One of the last available spots along Constitution Avenue will be the new home of the multi-million dollar headquarters for the United States Institute of Peace.
The USIP building, which is funded by $100 million from Congress and $85 million from private sources, is set for completion in 2010. The institute is a nonpartisan, federally funded organization devoted to preventing and resolving violent international conflicts. Construction of the building began this summer at 23rd Street and Constitution Avenue.
The new building, which will replace their temporary offices at 1200 17th St., will house a training facility for conflict managers and a public education center with interactive exhibits. It will be the first permanent headquarters for the USIP since its inception in 1984.
Lauren Sucher, a USIP spokesperson, said the new location’s close proximity to campus might promote student presence at USIP events because it is one of the only places a student can “walk up to the mike and ask the secretary of state a question.”
The institute already has numerous ties to the University. George E. Moose, USIP board member and former ambassador, is an adjunct professor of international affairs, and Pamela Aall, vice president for domestic programs at the USIP Education and Training Center, is a part-time lecturer at the Elliott School of International Affairs.
Alhough the USIP is not permitted to have interns or volunteers, they do hire graduate students as research assistants and visiting fellows.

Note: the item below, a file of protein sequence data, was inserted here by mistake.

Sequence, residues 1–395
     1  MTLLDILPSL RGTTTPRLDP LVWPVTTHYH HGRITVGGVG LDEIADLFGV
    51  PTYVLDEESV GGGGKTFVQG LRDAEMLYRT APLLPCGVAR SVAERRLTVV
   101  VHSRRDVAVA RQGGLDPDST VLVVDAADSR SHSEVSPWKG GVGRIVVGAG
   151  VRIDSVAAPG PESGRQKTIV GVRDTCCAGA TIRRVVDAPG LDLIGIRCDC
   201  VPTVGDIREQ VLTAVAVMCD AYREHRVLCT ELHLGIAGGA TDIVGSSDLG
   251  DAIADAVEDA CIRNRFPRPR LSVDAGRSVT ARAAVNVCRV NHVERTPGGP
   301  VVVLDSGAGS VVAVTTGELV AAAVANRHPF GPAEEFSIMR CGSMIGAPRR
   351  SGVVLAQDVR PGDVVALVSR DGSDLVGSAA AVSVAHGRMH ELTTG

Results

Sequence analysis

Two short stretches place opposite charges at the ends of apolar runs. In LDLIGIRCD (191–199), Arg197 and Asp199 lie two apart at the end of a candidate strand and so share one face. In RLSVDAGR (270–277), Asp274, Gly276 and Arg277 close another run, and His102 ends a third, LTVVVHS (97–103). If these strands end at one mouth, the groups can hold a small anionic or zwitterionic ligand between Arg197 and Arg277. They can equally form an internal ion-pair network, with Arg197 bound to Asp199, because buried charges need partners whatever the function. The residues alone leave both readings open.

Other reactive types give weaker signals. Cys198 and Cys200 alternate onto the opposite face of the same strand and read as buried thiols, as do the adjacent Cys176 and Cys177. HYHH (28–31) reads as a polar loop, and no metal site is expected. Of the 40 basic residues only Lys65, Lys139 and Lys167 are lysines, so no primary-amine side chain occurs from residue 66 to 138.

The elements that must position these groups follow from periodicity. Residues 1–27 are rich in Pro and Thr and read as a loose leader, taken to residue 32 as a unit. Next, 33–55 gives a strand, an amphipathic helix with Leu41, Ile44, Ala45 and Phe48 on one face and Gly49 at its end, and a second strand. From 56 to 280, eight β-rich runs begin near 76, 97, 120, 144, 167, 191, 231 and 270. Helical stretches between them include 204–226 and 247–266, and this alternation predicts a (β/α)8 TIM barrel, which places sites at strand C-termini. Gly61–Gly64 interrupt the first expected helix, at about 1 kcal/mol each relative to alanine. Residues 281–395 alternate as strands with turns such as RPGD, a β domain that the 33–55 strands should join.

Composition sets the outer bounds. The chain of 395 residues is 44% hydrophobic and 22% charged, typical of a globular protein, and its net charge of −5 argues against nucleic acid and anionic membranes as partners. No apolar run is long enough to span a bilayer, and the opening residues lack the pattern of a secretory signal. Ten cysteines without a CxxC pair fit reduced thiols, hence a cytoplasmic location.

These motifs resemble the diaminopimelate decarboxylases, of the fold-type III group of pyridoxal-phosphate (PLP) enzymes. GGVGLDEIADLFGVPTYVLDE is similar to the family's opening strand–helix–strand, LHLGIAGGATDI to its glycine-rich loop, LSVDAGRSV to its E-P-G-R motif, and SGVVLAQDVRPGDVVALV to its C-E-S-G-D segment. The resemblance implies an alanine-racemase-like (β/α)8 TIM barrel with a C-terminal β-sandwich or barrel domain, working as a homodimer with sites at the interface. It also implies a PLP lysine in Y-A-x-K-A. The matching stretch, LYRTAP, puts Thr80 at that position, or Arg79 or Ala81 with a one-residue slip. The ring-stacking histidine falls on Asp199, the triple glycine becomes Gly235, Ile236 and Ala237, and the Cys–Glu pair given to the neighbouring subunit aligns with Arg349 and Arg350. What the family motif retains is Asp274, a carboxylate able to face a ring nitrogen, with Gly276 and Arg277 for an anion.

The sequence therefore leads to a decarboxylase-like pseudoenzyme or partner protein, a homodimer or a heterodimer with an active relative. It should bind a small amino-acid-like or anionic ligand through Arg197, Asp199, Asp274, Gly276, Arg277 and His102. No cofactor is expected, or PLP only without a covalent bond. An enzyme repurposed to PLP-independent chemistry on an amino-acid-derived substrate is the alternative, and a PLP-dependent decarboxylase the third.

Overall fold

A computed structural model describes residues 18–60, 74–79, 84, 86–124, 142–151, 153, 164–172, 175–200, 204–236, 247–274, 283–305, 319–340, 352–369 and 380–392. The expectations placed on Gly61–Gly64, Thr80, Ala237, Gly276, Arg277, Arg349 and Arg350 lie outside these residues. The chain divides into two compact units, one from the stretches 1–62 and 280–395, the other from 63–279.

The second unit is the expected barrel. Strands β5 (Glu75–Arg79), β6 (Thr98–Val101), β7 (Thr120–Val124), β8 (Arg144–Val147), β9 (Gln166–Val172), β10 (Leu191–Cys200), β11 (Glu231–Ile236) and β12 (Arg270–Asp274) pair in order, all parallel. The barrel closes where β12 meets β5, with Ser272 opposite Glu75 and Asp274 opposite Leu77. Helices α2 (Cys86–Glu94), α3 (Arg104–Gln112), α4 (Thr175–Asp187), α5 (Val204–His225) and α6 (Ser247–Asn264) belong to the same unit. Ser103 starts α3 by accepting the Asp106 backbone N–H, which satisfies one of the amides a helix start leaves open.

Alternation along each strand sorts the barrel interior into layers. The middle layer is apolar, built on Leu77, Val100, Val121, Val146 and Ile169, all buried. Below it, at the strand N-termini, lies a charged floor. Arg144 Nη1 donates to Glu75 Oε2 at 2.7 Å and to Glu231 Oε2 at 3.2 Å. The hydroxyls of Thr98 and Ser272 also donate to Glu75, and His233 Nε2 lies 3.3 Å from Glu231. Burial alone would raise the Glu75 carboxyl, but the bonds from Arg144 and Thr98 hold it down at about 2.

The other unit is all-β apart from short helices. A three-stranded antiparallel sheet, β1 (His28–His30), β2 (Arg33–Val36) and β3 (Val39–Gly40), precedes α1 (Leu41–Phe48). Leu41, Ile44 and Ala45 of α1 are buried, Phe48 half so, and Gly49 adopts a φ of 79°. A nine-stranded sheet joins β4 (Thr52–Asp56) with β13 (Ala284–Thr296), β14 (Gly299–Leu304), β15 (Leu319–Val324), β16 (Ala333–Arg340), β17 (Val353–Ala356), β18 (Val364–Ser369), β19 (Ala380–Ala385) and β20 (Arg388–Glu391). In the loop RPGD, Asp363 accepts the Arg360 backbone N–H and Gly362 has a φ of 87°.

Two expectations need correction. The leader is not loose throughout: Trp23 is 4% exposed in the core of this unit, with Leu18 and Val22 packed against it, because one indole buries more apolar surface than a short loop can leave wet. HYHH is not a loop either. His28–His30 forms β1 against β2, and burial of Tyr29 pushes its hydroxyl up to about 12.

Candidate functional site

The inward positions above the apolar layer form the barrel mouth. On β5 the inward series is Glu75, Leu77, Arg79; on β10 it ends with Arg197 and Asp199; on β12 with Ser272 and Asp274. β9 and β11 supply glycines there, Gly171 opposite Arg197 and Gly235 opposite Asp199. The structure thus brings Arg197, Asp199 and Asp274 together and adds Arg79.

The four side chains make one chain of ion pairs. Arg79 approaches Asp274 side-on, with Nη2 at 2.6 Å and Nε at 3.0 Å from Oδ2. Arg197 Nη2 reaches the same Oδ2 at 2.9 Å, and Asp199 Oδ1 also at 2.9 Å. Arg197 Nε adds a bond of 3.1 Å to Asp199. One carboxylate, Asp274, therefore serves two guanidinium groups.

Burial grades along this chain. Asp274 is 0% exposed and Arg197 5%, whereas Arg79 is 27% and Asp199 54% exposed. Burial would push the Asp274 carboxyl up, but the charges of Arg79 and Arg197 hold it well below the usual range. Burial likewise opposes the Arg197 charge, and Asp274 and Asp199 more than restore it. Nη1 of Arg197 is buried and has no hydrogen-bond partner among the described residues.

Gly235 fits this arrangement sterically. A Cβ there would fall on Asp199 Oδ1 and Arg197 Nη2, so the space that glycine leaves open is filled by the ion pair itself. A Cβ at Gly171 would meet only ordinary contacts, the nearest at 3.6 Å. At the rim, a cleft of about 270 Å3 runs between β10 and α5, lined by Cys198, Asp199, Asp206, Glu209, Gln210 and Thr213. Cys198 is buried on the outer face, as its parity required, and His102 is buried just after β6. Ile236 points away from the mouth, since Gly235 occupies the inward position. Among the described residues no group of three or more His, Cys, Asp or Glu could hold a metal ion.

Already operating in some of the world’s most tumultuous areas – including Iraq, Afghanistan and Sudan – USIP will use this central location in the nation’s capital to raise awareness for their programs and further their research.
Sucher said it was ironic yet fitting that the new headquarters will be so close to monuments that memorialize conflicts like Korean and Vietnam Wars.
“It is appropriate for us to be located there as a reminder of the consequences of not being active peacemakers,” she said. “Our job is to prevent memorials like those from needing to be erected.”
The new building’s 20,000-square-foot Public Education Center will offer visitors the opportunity to learn more about the Institute of Peace. Future multimedia exhibits include “witness stations,” which will play first-person narratives of people affected by conflicts, interactive touch-screen maps, a “peace lab,” where visitors can decide which paths they should take for conflict resolution and a space for silent reflection.
“So many museums are about the past, with static pictures on the wall passively presenting you with information,” Sucher said. “We want to produce concepts in (visitors’) minds.”
Admission to the Public Education Center will be free.